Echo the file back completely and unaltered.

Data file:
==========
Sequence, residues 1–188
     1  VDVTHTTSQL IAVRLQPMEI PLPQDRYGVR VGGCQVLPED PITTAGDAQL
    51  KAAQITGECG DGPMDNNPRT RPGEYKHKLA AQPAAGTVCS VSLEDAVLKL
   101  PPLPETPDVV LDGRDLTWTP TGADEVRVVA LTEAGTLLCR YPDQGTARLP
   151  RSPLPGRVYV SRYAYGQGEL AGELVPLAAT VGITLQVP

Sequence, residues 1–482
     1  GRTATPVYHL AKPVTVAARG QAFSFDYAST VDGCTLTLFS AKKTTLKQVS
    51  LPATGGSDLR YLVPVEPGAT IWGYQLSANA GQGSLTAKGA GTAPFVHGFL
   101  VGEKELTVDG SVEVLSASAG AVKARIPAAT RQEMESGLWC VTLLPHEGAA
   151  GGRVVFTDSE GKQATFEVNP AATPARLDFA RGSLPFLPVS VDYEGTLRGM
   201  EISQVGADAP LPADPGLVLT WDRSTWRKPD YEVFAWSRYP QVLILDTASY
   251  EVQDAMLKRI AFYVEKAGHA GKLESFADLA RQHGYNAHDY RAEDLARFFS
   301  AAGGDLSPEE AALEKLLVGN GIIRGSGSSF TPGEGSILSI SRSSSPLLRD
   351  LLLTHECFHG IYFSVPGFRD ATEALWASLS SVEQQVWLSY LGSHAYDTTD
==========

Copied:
Sequence, residues 1–188
     1  VDVTHTTSQL IAVRLQPMEI PLPQDRYGVR VGGCQVLPED PITTAGDAQL
    51  KAAQITGECG DGPMDNNPRT RPGEYKHKLA AQPAAGTVCS VSLEDAVLKL
   101  PPLPETPDVV LDGRDLTWTP TGADEVRVVA LTEAGTLLCR YPDQGTARLP
   151  RSPLPGRVYV SRYAYGQGEL AGELVPLAAT VGITLQVP

Sequence, residues 1–482
     1  GRTATPVYHL AKPVTVAARG QAFSFDYAST VDGCTLTLFS AKKTTLKQVS
    51  LPATGGSDLR YLVPVEPGAT IWGYQLSANA GQGSLTAKGA GTAPFVHGFL
   101  VGEKELTVDG SVEVLSASAG AVKARIPAAT RQEMESGLWC VTLLPHEGAA
   151  GGRVVFTDSE GKQATFEVNP AATPARLDFA RGSLPFLPVS VDYEGTLRGM
   201  EISQVGADAP LPADPGLVLT WDRSTWRKPD YEVFAWSRYP QVLILDTASY
   251  EVQDAMLKRI AFYVEKAGHA GKLESFADLA RQHGYNAHDY RAEDLARFFS
   301  AAGGDLSPEE AALEKLLVGN GIIRGSGSSF TPGEGSILSI SRSSSPLLRD
   351  LLLTHECFHG IYFSVPGFRD ATEALWASLS SVEQQVWLSY LGSHAYDTTD